Where do people sign up for my newsletter on my blog?

Although you can track in Google Analytics where people sign up for your newsletter, there is not one way to set this tracking up. 

It all depends on how you collect emails for your blog newsletter, or lead magnets: 
– embedded forms
– dedicated lead magnet pages 
– external plugins that you load on your blog with a script
– pop-ups or slide ins in iframes

How can I track clicks on affiliate links on my blog?

If you run a blog with affiliate links, you can see in Google Analytics how many people click on your outgoing links. A click does not equal a sale with commission, but it can help you improve your design and the locations where you put your links to affiliate partners and programs. 

Setting this up is easy if you follow our track clicking guide. You really don’t have an excuse to not do it.

Conclusion: is Google Analytics useful for bloggers?

Yes, because Google Analytics gives you valuable insights about what users do on your blog and how they find it.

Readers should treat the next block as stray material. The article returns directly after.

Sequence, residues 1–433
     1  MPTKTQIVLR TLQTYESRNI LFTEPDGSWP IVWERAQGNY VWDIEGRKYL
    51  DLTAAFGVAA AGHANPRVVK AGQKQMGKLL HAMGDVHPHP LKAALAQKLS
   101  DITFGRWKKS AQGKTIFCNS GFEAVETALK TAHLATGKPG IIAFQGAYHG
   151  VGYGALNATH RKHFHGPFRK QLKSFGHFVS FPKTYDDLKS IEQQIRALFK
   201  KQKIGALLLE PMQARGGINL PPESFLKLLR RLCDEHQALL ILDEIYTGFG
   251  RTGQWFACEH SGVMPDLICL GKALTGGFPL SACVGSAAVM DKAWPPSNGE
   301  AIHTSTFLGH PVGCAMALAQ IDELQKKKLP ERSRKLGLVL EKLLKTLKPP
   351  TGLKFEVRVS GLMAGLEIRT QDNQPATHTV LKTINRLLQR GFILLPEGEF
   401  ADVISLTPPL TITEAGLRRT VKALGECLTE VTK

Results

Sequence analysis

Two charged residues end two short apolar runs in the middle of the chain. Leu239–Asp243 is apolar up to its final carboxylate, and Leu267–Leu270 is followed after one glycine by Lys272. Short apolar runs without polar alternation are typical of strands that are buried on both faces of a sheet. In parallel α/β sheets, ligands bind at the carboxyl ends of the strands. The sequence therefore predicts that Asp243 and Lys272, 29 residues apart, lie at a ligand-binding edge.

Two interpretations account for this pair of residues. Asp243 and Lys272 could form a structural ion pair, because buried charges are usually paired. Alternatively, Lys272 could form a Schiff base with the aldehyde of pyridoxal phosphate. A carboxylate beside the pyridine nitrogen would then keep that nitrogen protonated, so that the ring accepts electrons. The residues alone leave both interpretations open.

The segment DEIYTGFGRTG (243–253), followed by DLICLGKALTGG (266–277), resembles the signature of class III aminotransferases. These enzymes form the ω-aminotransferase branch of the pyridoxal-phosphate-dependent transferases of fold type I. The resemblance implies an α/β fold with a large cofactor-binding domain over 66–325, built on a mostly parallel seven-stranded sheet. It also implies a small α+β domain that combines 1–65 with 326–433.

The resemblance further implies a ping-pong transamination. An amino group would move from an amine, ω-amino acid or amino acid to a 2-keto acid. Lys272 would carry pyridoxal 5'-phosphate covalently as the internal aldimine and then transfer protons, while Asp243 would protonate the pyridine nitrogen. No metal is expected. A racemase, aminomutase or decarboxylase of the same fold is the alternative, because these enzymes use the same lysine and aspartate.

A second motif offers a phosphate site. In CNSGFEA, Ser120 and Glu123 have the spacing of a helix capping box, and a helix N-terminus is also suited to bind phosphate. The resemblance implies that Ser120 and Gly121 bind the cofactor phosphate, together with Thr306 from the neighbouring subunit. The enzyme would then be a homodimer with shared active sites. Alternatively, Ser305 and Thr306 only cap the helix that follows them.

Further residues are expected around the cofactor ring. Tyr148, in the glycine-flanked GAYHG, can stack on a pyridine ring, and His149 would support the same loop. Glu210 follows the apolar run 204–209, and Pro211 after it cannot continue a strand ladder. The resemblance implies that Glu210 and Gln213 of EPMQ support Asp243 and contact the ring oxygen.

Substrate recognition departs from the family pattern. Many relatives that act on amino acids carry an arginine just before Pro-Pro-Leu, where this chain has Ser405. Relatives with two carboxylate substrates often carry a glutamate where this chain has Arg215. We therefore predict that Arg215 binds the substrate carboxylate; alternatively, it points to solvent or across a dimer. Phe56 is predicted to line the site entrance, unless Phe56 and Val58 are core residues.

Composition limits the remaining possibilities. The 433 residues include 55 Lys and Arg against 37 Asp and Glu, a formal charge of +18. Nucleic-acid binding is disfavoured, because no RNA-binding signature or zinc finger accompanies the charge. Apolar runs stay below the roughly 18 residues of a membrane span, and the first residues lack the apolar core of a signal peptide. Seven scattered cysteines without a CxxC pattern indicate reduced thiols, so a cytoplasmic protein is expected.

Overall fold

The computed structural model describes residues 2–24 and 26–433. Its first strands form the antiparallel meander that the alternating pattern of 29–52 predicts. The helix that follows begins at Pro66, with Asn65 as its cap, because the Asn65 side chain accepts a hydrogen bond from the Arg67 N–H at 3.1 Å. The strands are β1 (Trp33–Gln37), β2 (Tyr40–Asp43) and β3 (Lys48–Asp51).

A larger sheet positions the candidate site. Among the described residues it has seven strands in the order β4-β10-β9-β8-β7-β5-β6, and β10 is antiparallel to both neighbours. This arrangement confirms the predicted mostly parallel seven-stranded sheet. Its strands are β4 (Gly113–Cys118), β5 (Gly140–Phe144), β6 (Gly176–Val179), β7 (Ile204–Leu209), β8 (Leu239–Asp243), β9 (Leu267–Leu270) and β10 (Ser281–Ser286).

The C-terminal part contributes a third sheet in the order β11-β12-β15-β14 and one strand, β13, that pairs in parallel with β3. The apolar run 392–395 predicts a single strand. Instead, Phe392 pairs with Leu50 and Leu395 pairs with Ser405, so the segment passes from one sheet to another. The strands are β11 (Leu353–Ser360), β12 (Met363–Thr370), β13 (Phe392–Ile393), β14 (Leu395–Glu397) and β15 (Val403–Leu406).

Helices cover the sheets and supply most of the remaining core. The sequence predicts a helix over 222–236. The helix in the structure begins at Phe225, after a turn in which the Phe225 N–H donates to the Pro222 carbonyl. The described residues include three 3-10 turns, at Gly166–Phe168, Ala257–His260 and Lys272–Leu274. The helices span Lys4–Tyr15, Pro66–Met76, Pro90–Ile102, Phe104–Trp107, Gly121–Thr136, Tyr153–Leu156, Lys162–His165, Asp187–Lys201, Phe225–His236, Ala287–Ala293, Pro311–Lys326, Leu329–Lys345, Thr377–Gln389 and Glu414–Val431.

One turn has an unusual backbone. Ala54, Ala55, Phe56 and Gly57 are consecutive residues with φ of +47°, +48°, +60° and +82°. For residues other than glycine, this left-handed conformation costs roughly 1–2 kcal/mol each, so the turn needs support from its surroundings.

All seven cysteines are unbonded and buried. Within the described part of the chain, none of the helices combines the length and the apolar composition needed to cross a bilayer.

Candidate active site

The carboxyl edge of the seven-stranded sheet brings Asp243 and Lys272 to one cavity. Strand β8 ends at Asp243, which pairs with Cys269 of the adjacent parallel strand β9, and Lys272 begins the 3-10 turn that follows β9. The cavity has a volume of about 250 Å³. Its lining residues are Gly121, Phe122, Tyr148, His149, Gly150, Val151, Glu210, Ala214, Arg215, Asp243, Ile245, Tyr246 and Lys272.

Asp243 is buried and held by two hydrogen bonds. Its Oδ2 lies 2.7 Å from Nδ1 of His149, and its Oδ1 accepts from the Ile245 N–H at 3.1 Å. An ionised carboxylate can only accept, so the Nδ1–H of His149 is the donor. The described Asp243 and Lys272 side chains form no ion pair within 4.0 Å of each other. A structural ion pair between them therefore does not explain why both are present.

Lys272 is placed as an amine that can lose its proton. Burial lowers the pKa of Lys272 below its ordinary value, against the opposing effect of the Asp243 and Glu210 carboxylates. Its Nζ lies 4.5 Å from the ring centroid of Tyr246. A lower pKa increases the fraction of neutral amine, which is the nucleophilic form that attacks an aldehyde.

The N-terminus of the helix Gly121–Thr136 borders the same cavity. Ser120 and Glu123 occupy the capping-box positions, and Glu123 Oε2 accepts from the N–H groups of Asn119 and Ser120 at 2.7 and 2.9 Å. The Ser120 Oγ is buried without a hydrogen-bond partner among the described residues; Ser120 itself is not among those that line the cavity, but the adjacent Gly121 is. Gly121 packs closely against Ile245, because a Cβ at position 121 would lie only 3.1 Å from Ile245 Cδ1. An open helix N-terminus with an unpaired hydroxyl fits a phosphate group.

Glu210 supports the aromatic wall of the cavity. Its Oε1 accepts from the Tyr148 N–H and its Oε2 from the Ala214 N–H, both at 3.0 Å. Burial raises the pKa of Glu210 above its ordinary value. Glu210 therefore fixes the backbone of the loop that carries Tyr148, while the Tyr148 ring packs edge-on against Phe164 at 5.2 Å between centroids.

And that is only the tip of the data iceberg. 

GA can also become your central analytics hub that connects the data from all the marketing efforts you are doing to get traffic to your blog. 

Learning GA can take time, but with a plugin you can take a shortcut. It requires less  time to understand data that is directly presented in your CMS compared to trying to understand the GA interface. 

The sooner you start collecting data about your blog, the better. 

When you are ready for it, you can gradually set time aside to learn more about the Google Analytics platform. 

This will help you grow your blogging business faster.

What to do next?

If you haven’t installed Google Analytics on your blog, create an account and implement the tracking code ASAP.

Don’t overthink this step. Later on, you can go through this free checklist to make sure you are collecting all the data that is important for you as a blogger. 

If you already have GA installed on your blog, you can best set up content grouping. 

This will help you to analyze your topics fast. Instead of figuring out how to do this yourself, follow the steps in our free content grouping guide. 

Howdy, fellow blogger. On behalf of the Data Driven U team, I thank you for being here instead of writing your next post. Our team hopes this post about Google Analytics for bloggers will help you turn your blog into an epic place. 

Show Buttons
Hide Buttons
Scroll to Top